Pema Chodron vs. Self-Help.

Via Waylon Lewis
on Aug 23, 2011
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“When people start to meditate or to work with any kind of spiritual discipline, they often think that somehow they’re going to improve.” ~ Pema Chodron

Maitri: loving-kindness toward ourselves.

Click here for video.

You’re basically good. So am I. We all are.

The Cosmic Joke is, of course, when we stop thinking so much about ourselves, we do improve—life becomes more vivid and genuine:

“We work on ourselves in order to help others, but also we help others in order to work on ourselves.”


This is why we call our Religion / Spirituality / Philosophy department “Non New Agey Spirituality.” Yes, we’d be fine with a more elegant term. But I appreciate the humor and precision of what it’s called, now, too.


“When we start out on a spiritual path we often have ideals we think we’re supposed to live up to. We feel we’re supposed to be better than we are in some way. But with this practice you take yourself completely as you are.

Then ironically, taking in pain – breathing it in for yourself and all others in the same boat as you are – heightens your awareness of exactly where you’re stuck.”

Cosmic Joke, via Trungpa Rinpoche:

The attempt to confirm our solidity is very painful. Constantly we find ourselves suddenly slipping off the edge of a floor which had appeared to extend endlessly. Then we must attempt to save ourselves from death by immediately building an extension to the floor in order to make it appear endless again. We think we are safe on our seemingly solid floor, but then we slip off again and have to build another extension. We do not realize that the whole process is unnecessary, that we do not need a floor to stand on, that we have been building all these floors on the ground level. There was never any danger of falling or need for support. In fact, our occupation of extending the floor to secure our ground is a big joke, the biggest joke of all, a cosmic joke. – Chogyam Trungpa Rinpoche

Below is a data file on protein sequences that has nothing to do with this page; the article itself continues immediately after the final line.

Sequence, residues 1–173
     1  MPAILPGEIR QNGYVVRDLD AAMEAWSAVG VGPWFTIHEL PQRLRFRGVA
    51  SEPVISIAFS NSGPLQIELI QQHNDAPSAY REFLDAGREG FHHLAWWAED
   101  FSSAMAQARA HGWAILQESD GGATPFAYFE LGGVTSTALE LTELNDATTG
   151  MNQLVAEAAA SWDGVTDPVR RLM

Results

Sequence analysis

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About Waylon Lewis

Waylon Lewis, founder of elephant magazine, now & host of Walk the Talk Show with Waylon Lewis, is a 1st generation American Buddhist “Dharma Brat." Voted #1 in U.S. on twitter for #green two years running, Changemaker & Eco Ambassador by Treehugger, Green Hero by Discovery’s Planet Green, Best (!) Shameless Self-Promoter at Westword's Web Awards, Prominent Buddhist by Shambhala Sun, & 100 Most Influential People in Health & Fitness 2011 by "Greatist", Waylon is a mediocre climber, lazy yogi, 365-day bicycle commuter & best friend to Redford (his rescue hound). His aim: to bring the good news re: "the mindful life" beyond the choir & to all those who didn't know they gave a care. | His first book, Things I would like to do with You, is now available.


25 Responses to “Pema Chodron vs. Self-Help.”

  1. Ben_Ralston says:

    God, I love that quote from Chogyam Trungpa Rinpoche. Cosmic joke indeed 🙂

  2. yogiclarebear says:

    Great post Waylon.

  3. Lezlee says:

    :o) Good article too; food for thought…..

  4. Suri kate says:

    Awww Pema such a nice old lady…gotta love her 🙂

  5. Jeffrey says:

    Enjoyed this one a lot, Waylon. Thanks.

  6. Harleigh Quinn says:

    This is precisely WHY I love Pema Chodron. 🙂

  7. Molly says:

    Good quote from CTR… where's it from? Love to use this in a talk sometime.

  8. […] much. God, so much. Not waste time beating myself up. Repair the relationship with him the best I can with my skills. This definitely doesn’t […]

  9. […] So many spot-on quotes: “…feelings like disappointment, embarrassment, irritation, resentment, anger, jealousy, and fear, instead of being bad news, are actually very clear moments that teach us where it is that we’re holding back. They teach us to perk up and lean in when we feel we’d rather collapse and back away. They’re like messengers that show us, with terrifying clarity, exactly where we’re stuck. This very moment is the perfect teacher, and, lucky for us, it’s with us wherever we are.” ~ Pema Chödron […]